. DeBoer claims to be the inventor of "cruising pickets", a tactic of cruising around in cars and blocking scab trucks. Of course the general idea of roving pickets predates DeBoer's activity -- they were used for example in coal strikes of the 1920s. But in any case DeBoer advocates this tactic, variants of which have sometimes been used effectively as a supplemental tactic to mass pickets in strikes.
. In the Minneapolis strike coal delivery trucks were sometimes deliberately allowed to leave the struck plant, to avoid a confrontation with the police right there. Instead the strikers let a truck get through the picket lines, but it was then followed by cars full of strikers. Once the truck got away from the station and the police forces there, the strikers would force the truck to stop, surround the driver with a mob of angry workers, and force him to dump his load of coal on the ground. DeBoer notes that some of the scab drivers, once they were talked to by the strikers, would gladly dump their coal and then join the union. They switched sides when they realized what the strikers were fighting for.
. The union also organized cruising pickets to roam the city looking for the odd delivery truck which had come in from outside the city. (1) And picket lines were also posted at the "city gates," the points at which highways entered the city. The union also maintained a squad of motorcycle spies, workers who roamed around the city looking for any activity involving trucking -- driving, loading, unloading, etc. These spies were under strict orders to not engage in any picketing or confrontations with the police; they simply reported back to strike headquarters (either in person or by telephone), from where picketers were dispatched to the trouble spot.
. So the truckers used a variety of imaginative tactics. But conditions for carrying out these tactics need to be kept in mind. Cruising pickets have been used in failed strikes as well as successful ones, and they have sometimes been promoted, for example in newspaper strikes, as a way to avoid having to have mass pickets and stop production. Adopting a tactic doesn't necessarily guarantee victory, as DeBoer seems to think. And a tactic, once used, may lose its effectiveness next time around. An example of this is the '34 strike, which was actually two strikes, one in May and one in July. In the first strike the capitalists were surprised by the extensive preparations of the strike leaders and shocked by the amount of mass support they received from other sections of the working class. This led to the capitalists suffering a humiliating defeat in the famous Battle of Deputies Run.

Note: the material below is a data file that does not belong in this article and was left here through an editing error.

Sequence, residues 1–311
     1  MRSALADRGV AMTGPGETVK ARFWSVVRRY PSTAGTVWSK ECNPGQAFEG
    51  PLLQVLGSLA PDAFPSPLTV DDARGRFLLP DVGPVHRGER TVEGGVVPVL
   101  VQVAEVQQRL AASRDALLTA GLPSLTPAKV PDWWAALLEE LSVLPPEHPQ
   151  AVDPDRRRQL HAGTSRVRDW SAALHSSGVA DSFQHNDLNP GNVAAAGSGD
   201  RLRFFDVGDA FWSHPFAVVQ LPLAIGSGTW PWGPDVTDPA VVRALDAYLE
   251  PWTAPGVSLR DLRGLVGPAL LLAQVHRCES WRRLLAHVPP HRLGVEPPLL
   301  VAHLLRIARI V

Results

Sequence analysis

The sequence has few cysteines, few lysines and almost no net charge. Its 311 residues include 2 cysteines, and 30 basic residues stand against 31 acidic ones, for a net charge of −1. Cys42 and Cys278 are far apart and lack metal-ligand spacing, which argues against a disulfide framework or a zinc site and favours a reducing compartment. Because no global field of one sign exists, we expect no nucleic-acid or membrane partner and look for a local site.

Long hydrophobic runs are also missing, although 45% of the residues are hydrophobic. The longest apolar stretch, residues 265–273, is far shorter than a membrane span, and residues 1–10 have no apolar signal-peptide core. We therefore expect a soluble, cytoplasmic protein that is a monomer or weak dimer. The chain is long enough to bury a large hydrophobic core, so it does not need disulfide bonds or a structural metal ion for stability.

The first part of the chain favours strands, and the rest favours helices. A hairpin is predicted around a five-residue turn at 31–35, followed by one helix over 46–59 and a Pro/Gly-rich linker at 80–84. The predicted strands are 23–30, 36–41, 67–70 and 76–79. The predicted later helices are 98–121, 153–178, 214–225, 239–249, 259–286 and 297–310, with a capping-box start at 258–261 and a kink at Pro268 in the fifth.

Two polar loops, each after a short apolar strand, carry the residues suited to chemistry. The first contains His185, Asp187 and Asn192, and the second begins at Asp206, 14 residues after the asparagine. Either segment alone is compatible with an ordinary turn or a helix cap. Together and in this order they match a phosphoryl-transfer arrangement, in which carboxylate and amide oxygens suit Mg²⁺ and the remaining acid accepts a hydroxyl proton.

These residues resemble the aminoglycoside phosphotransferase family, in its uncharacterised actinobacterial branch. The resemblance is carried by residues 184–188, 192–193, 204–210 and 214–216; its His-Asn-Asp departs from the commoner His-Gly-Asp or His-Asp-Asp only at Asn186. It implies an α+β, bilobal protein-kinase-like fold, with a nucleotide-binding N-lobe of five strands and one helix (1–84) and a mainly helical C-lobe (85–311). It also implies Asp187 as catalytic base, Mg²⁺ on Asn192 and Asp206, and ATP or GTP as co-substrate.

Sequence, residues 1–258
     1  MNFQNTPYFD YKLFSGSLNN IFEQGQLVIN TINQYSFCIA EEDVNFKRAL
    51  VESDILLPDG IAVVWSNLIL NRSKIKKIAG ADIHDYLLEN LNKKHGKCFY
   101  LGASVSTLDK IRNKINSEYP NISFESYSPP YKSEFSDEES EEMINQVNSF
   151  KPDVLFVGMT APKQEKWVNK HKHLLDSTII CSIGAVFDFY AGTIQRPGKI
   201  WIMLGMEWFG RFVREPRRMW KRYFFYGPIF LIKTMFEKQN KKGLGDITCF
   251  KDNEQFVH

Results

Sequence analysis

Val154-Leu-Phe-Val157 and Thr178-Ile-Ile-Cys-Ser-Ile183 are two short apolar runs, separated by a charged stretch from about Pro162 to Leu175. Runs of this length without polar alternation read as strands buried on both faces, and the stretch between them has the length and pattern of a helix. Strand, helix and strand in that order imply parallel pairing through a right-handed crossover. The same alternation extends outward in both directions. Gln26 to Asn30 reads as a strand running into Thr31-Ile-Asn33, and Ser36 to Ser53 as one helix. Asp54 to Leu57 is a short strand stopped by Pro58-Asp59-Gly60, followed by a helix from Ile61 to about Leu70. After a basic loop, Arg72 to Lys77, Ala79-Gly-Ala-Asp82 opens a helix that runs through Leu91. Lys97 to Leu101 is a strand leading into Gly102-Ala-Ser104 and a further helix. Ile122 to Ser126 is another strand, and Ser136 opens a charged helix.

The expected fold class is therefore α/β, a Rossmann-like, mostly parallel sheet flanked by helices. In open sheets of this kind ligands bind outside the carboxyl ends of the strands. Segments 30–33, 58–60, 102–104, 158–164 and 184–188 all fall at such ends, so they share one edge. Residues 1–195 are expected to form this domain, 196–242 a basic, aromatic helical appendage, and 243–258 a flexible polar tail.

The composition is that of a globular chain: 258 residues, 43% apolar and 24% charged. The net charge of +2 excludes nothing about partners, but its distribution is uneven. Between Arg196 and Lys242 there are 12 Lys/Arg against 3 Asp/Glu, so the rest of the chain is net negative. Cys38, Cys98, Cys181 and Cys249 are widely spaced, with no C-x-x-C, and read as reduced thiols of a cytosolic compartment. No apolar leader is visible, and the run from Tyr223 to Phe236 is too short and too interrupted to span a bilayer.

. Leading up to this battle, the trucking capitalists and local police arrogantly announced their intention to load trucks and move them through the city on a certain day. Everyone knew the focus of this effort would be at the main produce market, so the union mobilized their supporters to show up there on the appointed day. Tens of thousands of workers came to the market armed with clubs and thirsting for revenge for the capitalists' recent attacks on pickets. Radio stations had reporters placed atop local buildings, and they reported the confrontation live, like a college football game. When one of the produce merchants tried to load a truck, the workers went into action, demolishing the truck, the merchant's store, and anyone who stood in the way. The battle went on for hours, as the police and capitalist vigilante squads tried to beat up or arrest picketers. But all these attacks were driven off, and the workers eventually occupied the entire produce market. The police ran off and left the vigilantes to be beaten to a pulp. After the battle flying squads of workers fanned out through the city and drove the police off the streets of Minneapolis. The workers took over directing traffic while the police hid inside their headquarters. In the aftermath, the capitalists capitulated on the major issue of the strike, recognition of the union.
. But in the July strike the capitalists were better prepared to deal with the union's tactics like cruising pickets. Instead of relying on club-wielding thugs and local police, they had the Minnesota governor bring in the national guard, declare martial law, occupy the union's strike headquarters and arrest the strike leaders. These counter-tactics of the capitalists had their effect, and the strike came close to collapsing before a compromise settlement was reached. DeBoer doesn't mention any of this, though it's covered in C. R. Walker's history of the strike.